Learning new curricula, dealing with classroom management and discipline, integrating students with special needs, using technology, individualizing student programs, coordinating extracurricular activities and being accountable to the various stakeholders of education are just a few of the jobs teachers do. Many of these duties are difficult for the most experienced professional, so one wonders how beginning teachers survive, since they are expected, on their very fi rst day of employment, to do the job of a seasoned veteran. Many school districts, seeing a need to nurture the new generation of teachers, have put in place formal mentorship programs.
Mentoring is a nurturing process, in which a more skilled person, serving as a role model, teaches, sponsors, encourages, counsels and befriends a less skilled or less experienced person for the purpose of promoting the latter's professional development. Mentoring functions are carried out within the context of an ongoing, caring relationship between the mentor and the protégé (Anderson 1988).
Informal mentoring which is buddy system is not enough. Formal mentoring programs must be replaced with informal mentoring programs. This move is needed to be taken due to experienced teachers do not want to intrude, new educators often do not ask for the help which they may need, beginning teachers need to observe new effective teaching models and informal mentoring does not improve teaching over time. Informal mentoring programs are difficult to identify and support. There is a need to identify who is obtaining support and the quantity as well as the quality of that support.
1.3 Definition of Mentor
A mentor is the one who fosters growth in professional practice and nurtures the maturation and acculturation of a younger or newer member of the profession; an experienced or trusted advisor.
1.4 Definition of Mentee
A mentee is the one who is mentored by another; a person of whom another is protector or patron.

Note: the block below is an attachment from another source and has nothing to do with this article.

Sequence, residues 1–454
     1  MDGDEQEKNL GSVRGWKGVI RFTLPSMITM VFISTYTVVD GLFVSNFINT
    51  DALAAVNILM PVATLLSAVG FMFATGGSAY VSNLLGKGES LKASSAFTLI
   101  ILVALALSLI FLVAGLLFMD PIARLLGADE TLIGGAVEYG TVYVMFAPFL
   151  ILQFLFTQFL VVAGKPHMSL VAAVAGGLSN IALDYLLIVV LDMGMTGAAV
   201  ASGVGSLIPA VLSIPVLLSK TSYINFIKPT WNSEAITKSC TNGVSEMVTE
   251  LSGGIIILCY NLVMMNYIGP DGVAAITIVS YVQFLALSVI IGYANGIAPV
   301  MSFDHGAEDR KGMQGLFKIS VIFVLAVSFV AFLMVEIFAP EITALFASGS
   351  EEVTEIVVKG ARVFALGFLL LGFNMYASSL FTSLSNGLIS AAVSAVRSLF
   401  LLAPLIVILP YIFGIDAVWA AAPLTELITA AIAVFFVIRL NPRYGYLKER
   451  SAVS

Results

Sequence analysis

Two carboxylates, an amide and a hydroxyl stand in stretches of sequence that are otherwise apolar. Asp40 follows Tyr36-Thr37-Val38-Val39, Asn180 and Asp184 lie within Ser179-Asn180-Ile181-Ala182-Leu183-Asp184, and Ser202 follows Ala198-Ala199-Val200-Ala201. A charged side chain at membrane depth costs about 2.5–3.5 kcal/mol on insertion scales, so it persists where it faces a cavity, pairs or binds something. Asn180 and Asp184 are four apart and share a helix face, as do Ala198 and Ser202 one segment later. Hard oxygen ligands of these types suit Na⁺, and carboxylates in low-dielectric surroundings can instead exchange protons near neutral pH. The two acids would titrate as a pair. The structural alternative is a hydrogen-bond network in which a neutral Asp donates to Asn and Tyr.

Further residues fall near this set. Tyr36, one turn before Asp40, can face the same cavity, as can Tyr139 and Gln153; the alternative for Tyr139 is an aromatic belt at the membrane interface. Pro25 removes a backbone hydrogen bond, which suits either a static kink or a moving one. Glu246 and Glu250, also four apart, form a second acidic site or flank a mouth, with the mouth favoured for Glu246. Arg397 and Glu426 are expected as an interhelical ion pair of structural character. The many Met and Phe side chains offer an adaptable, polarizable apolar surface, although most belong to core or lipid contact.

2.1 Informal Mentoring
Studies indicate that the model of informal mentoring, the level of competence of the mentee usually reaches the level of the mentor. This is a result of not going farther than the initial orientation of the mentee. The mentor provides teaching materials, classroom teaching strategies, and unit and long-range plans for the benefit of the mentee. This could be referred to as an apprenticeship model. The competence level of the mentor does not increase under this model. No reflective practice is in place, and no action research is carried out by mentor or mentee. Little professional growth of the mentor takes place under this informal or buddy system.
2.2 Formal Mentoring
Under a formal mentoring process, the mentee not only reaches the competency level of the mentor but grows beyond the established baseline along with the mentor. The mentor may share materials but also goes beyond the sharing and moves into the development of materials within a collaborative team. This requires reflective practice, collaborative planning and action research coupled with a joint action plan by the mentor and mentee. Through this process both mentor and mentee soar to new heights of professional growth and competence.
2.3 Rationale for a Mentorship Program
There are a few rationale for conducting the mentorship program. The rationales are to support a district's priority of ensuring high-quality teaching, improved student achievement and staff well-being, provides a unique opportunity for experienced teachers to impart some of their knowledge, experience and wisdom to beginning teachers, recognizes teachers as a valued district resource, extends the range of new teacher initiatives available in districts, creates a positive impact on attraction and retention of high-quality teaching staff and lastly it facilitates shared responsibility for career-long professional growth and development through collaboration of ATA locals, school districts, regional professional development consortia and Alberta universities.